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Japan. Tea in Kyoto

Japan. Tea in Kyoto

Kyoto is one of those places where I get what I can only describe as a fizzy feeling of excitement, sheer happiness bubbling up for no apparent reason. It’s the texture of the linen door curtains I gently move to the side with my hand, the brightest pop of yellow of the beautifully fan-shaped gingko leaves, all the shades of fire coloring the Japanese maples, the sound of water trickling into a stone basin, the soft rustling of a paper-paneled sliding door, the perfume-y smell of the cedar wood soaking tub, tatami mats under my feet.

Four years had gone by since last time. This time, tea was at the top of my list. Here’s what happened.

Ippodo Tea

Ironically, my first encounter with Ippodo Tea was not the first time I visited Kyoto but when I won a tea giveaway on social media a couple of years ago. Their Kan-no-shiro matcha made me fall in love with matcha tea. After visiting their NYC location last spring, I was determined to pay them a visit (or two) in Kyoto. Their shop and adjacent tea room are located on a beautiful gingko tree lined street full of artisan and antique shops. According to one of my favorite books, Old Kyoto. A Guide to Traditional Shops, Restaurants, and Inns by Diane Durston, Ippodo was once a purveyor to the Imperial family, until after World War II. I went there twice and tried a few things from their tea room menu and bought some teas to take home (Ummon-no-mukashi matcha and Kitano-no-mukashi matcha, which is only available in Kyoto). The first time, I tried both (Ummon-no-mukashi and Kitano-no-mukashi) matcha in their usucha version (thin tea), plus sencha and hojicha. Each tea comes with a traditional wagashi, a sweet confection (you get to choose between soft or hard). The second time, I tried their koicha version (thick tea). What is left in the tea bowl gets whisked into usucha. An old Japanese lady sitting at the table next to me was astonished that I had ordered koicha and she clearly gestured that she didn’t like it (we soon found out why, the bitterness!). I had only had koicha once before, at Setsugekka in NYC and it was an otherworldly experience, without any bitterness, which is why I was not expecting it to be so bitter. And in the usucha version, it was just perfect. But from subsequent experiences in Tokyo, I learned that bitter is not always something you want to avoid. Stay tuned for that.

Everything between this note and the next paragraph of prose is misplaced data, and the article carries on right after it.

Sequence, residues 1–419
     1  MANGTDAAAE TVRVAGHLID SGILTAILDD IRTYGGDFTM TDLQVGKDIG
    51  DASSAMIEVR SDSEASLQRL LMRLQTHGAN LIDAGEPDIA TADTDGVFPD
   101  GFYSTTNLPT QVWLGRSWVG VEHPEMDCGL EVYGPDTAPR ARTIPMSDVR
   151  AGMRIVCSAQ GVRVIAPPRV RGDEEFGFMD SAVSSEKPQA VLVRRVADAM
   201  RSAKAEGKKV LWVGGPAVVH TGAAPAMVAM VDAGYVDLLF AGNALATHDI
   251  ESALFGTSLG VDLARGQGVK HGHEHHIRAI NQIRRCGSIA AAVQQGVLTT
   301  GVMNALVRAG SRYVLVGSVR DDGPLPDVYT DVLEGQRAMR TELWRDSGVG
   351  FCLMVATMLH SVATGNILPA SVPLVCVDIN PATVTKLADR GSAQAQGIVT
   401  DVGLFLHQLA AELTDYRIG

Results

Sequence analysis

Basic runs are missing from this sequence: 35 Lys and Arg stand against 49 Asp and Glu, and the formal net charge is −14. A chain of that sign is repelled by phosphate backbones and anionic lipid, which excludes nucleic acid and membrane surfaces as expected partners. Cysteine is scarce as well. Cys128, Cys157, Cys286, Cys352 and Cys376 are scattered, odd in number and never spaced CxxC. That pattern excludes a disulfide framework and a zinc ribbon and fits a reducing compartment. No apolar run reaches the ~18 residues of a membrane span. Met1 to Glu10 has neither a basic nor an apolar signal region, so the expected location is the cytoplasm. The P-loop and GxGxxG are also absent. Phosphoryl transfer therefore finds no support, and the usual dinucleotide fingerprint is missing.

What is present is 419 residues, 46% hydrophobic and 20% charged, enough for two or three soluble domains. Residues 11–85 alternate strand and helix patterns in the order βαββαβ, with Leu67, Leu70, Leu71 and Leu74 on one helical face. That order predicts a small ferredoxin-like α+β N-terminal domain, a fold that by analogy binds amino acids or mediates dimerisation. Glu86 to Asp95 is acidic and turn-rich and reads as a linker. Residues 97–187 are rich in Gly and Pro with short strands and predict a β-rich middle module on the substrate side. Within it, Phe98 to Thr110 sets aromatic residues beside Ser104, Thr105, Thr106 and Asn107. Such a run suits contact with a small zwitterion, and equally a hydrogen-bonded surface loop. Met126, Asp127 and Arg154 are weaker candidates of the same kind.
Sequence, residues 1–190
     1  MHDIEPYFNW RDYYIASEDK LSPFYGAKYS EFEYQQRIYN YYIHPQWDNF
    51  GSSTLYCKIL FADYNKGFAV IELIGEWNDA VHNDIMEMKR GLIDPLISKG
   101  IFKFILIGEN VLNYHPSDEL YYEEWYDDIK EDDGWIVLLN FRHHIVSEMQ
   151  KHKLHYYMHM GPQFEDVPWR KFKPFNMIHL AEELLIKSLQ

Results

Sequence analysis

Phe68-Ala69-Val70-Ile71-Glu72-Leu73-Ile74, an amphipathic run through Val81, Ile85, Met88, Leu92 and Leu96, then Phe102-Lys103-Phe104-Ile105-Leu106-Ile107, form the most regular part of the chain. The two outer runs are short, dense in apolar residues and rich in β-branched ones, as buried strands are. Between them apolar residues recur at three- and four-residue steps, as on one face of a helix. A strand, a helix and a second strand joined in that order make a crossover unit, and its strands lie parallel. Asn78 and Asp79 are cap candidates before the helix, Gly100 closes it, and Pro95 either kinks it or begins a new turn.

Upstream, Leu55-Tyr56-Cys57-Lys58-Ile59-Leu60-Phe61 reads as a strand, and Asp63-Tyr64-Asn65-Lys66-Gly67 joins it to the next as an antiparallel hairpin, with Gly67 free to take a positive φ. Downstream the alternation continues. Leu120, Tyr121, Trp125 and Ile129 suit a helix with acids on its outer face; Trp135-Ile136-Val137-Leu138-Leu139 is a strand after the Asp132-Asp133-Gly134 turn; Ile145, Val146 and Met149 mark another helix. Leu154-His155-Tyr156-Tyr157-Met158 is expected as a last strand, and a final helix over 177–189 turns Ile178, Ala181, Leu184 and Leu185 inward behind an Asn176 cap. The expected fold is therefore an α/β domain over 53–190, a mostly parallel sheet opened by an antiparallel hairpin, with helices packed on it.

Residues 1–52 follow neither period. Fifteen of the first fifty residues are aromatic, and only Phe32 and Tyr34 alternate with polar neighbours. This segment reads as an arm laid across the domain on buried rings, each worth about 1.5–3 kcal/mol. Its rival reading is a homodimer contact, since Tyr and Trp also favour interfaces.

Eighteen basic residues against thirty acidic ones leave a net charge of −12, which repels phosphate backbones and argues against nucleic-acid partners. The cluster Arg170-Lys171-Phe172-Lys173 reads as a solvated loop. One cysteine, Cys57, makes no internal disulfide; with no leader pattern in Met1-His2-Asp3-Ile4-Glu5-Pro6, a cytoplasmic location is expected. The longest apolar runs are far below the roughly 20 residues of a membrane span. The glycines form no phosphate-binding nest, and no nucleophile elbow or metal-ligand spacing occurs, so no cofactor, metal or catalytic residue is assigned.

Ryuoen tea shop

A stone’s throw from Ippodo, you can find Ryuoen tea store. Their tea is from Uji (south of Kyoto) and the surrounding areas. The name “Ryuoen” was not new to me but at first I couldn’t remember where I already had their tea. Then it came to me! At Oyatsuya, the Japanese dessert and snack tasting with tea pairing in San Francisco! I also found an old article in the NYT archives that describes their tea shop really well. “Ryuoen Chaho has been in business in Kyoto since 1875, a relative newcomer in that city, where many shops have been around for hundreds of years. [...] Most of the shop is filled by a raised tatami-mat area, where tins of mattcha and fine bamboo tea whisks are displayed in a glass case along with the price list. [...] Along one wall, heavy, molasses-brown glazed tea jars, each with its pristine paper cover tied with a silk cord, are ranged along shelves.” (Kyoto's Fragrant Green Teas, NYT, SEPT. 16, 1990) I bought the sencha of which they had offered me a tasting and their most popular matcha, although I was very tempted to get their winter release matcha too!

Ryuoen tea store in Kyoto


Close by to Ippodo and Ryuoen, this modern-style specialty store, with designer accessories and clean lines, also stocks incense, postcards and washi paper. At the back of the store, there’s an indoor seating area reserved to the customers who order tea. They only had 2 types, gyokuro and sencha, each served with a sweet pairing of French macarons (for sencha) and chocolate cake (for gyokuro). The teas were brewed to perfection and served in teapots (but no leaves to re-steep, sorry). Bonus points for the inner bamboo garden, very zen.


I found this tea house thanks to the book I mentioned earlier, Old Kyoto. A Guide to Traditional Shops, Restaurants, and Inns by Diane Durston. It’s located in one of my favorite areas in Kyoto, along the Philosopher’s Path, a beautiful walk from temple to temple. Speaking of temples, don’t miss Ginkakuji (Silver Pavilion)! We sat outside and enjoyed a beautiful bowl of matcha and chestnut-based wagashi while taking in the view of the gorgeous fall foliage along the Shirakawa Canal.

Tawara Yoshitomi Karasuma

This is a traditional wagashi (confectionery) shop with adjacent tea room and confectionery museum which we (I don’t know how) missed! Anyways, at least we enjoyed matcha and wagashi there. Sometimes I wonder, what was I thinking?? Let’s blame the jet lag!


Honorable mention to Lupicia, which is a chain tea store, probably comparable to David’s Tea. They mostly stock flavored blends but also some authentic, unflavored Japanese teas. Here I was able to find Kyobancha, a special type of tea from the Kyoto area that I can’t wait to share with you here on the blog!

The Sakurai Tea Experience in Tokyo

The Sakurai Tea Experience in Tokyo

November tea and mindfulness

November tea and mindfulness